Brewed for You

All my friends have a favorite beer, here's what branding has to say about it.

April 2, 2020

I was sitting at Barrel Republic with my friends, Allyson, her husband, Brandon, and her sister, Jessica, and her husband, Joey (that's Allyson and Brandon, Jessica and Joey for you comma haters).

I don't drink, but beer branding has always fascinated me. Mostly because it's incredibly well done and shows the magnitude branding has on a product with thousands of companies to choose from. I was curious, though, if this group had any favorites.

Allyson is a fan of Coronado Brewing Company. Brandon chooses Ballast Point. For Jessica, Modern Times. And lastly, Joey went with Stone.

There are a couple things to keep in mind here. Some overarching themes in the brands they chose are as follows: local, independently rooted, craft beer from their hometown of San Diego. Seems to be the baseline.

A deeper dive: each person's personality is reflected in the brand of beer they chose.

Allyson loves to be at the beach and spending time with good people. When she's having a beer, her goal is to simply relax and enjoy herself.

Brandon also loves the beach, but he's also a craftsman and skilled woodworker. He loves to build things and has immense attention to detail. It's no wonder he opted to go with a beer brand "dedicated to the craft." When he has a beer, he wants to relax, but he's still looking for that craftsmanship.

Jessica is a neo-hippy with a passion for eccentricity and flair (funky, one-a-kind clothes and such). What better brewery for Jessica than one with a post-it mural of Michael Jackson in it's tasting room?

Joey is rugged and straightforward. Need I say more? He aligns with the gritty independent nature of Stone's ethos and can respect their rebellious attitude.

Here's the thing:

The beer itself is relatively similar. The flavors these companies provide could be swapped and no one would really know the difference. However, the personalities and attitudes of these breweries resonate with specific people.

Each of my friends made their choice for a reason: that beer brand was intentionally made for someone like them.

More you say?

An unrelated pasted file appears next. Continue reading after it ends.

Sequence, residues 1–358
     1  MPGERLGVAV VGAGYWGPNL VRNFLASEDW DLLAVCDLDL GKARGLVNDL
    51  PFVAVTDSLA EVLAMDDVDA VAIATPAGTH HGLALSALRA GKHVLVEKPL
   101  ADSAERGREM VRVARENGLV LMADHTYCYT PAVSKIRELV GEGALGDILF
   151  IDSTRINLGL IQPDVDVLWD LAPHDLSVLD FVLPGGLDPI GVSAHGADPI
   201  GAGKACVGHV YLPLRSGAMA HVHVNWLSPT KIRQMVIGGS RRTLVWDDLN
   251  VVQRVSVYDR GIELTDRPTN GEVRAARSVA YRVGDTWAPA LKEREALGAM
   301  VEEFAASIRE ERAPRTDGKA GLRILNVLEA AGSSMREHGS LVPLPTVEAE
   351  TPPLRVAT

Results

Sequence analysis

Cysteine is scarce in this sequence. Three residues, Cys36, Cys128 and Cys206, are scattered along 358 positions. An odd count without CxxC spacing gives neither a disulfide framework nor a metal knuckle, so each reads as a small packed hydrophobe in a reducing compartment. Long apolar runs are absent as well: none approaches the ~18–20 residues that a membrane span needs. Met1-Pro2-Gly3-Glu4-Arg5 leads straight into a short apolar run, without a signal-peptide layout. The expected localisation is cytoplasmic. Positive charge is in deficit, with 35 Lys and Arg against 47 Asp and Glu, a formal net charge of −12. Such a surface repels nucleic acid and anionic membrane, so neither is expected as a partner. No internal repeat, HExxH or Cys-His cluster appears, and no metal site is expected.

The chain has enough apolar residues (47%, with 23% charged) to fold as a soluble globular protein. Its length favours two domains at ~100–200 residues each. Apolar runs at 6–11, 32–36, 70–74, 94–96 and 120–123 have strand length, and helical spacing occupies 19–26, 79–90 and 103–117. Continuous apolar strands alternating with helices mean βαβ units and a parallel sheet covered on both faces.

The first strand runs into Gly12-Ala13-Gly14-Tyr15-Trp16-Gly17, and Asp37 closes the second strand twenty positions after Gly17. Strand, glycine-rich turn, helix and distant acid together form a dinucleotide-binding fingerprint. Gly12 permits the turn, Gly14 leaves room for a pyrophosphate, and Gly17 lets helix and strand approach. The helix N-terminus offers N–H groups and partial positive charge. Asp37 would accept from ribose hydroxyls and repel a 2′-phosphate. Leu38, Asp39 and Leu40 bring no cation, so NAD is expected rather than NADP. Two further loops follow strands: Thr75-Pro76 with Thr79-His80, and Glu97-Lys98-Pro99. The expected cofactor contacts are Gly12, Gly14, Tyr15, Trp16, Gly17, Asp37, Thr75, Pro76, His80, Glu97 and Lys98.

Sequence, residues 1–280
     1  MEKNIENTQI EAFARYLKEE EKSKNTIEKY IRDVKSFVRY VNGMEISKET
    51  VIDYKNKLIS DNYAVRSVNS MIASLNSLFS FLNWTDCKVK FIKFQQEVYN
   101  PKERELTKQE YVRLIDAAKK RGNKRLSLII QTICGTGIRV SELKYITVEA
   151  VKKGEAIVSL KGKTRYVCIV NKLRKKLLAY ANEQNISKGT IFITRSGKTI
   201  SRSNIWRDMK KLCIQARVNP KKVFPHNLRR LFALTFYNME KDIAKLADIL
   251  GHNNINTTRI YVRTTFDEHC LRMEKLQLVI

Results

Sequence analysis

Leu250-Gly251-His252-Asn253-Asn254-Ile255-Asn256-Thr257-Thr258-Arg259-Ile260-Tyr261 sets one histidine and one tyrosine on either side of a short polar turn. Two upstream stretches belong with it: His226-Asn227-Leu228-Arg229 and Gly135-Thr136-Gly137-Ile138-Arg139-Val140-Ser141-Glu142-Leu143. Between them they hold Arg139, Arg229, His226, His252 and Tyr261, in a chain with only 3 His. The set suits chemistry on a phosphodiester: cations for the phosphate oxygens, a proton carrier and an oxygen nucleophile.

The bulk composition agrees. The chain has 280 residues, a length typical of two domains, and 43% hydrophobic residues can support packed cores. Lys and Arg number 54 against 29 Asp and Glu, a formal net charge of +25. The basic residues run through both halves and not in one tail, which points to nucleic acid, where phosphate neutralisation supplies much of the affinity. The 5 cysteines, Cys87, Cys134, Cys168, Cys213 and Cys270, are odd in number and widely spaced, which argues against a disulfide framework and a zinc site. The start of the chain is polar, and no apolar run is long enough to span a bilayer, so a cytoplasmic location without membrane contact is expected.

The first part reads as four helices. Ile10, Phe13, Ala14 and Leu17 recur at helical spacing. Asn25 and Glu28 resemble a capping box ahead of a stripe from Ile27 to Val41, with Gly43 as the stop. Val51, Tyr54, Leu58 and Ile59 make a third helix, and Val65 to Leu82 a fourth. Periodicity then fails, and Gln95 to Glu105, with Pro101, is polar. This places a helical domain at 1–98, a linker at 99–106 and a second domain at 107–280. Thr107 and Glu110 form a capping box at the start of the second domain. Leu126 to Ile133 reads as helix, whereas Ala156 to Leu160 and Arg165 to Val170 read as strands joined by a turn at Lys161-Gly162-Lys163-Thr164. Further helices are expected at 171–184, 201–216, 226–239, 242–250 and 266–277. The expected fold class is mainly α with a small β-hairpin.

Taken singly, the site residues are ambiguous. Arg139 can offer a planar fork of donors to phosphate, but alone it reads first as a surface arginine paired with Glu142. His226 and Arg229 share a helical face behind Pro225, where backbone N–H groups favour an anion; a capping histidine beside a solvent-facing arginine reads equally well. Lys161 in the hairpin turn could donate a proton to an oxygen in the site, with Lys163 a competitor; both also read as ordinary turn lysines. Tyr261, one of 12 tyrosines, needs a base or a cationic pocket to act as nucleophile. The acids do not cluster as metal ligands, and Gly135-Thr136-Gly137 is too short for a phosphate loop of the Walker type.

It's Your Fault People Don't Understand Your Startup

For those who think no one seems to get it.

1.14.2020

When you are creating a startup, it's easy to get sucked into the mindset that your product/service is needed and that everyone could benefit from it. Regardless of how true that is, people just don't seem to get it. You drill down on your marketing efforts talking about the features of what you offer, but no one understands.

You're bitter. You're frustrated. And it's also your fault.

Yea. It's your fault. It's your fault people do not understand the value of what you've created.

"Zach, that's pretty harsh," you might say. But, I believe it's better than the alternative.

Here's the thing: if it's your fault people don't understand the value of what you've created, then you can change. If it's everyone else's fault, you're shit outta luck.

It's never too late, it's all your fault, but that is the absolute best-case scenario. The question is: what are you going to do about it?

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Show and Talk

Why designers need to get over the idea of crawling into a hole to make changes.

12.19.2019

I was giving an identity presentation to a client today and everything was going phenomenal. He liked the strategy behind the mark, thought it had a lot of character, and he was overall pleased with it. He did ask if he could see a slight variation of the mark.

What he had asked for was not going to work (I could see it in my head and it would've ruined the integrity of the logo). But, in the spirit of transparency, I replied with "let's try it out, right now."

Within five minutes, we had the options side-by-side and could clearly see that the previous mark was the better option.

If I had said, "ok let me get back to you in a day with these revisions," we both would have been frustrated. It's an unfortunate trope within the design community to never show the client your workspace or your design files. Which I don't understand, because I certainly feel engaged and have more respect for other craftsmen who show me their process. More important, it helps me hold it in reverence and respect the decisions they make.

Design is no different. If we are willing to be transparent and walk clients through the entire process, show them how our opinions are formulated, and talk through the solution, everyone is happier.

Show your work and talk about it. Being creative is simply not enough, you have to be able to articulate your thinking.

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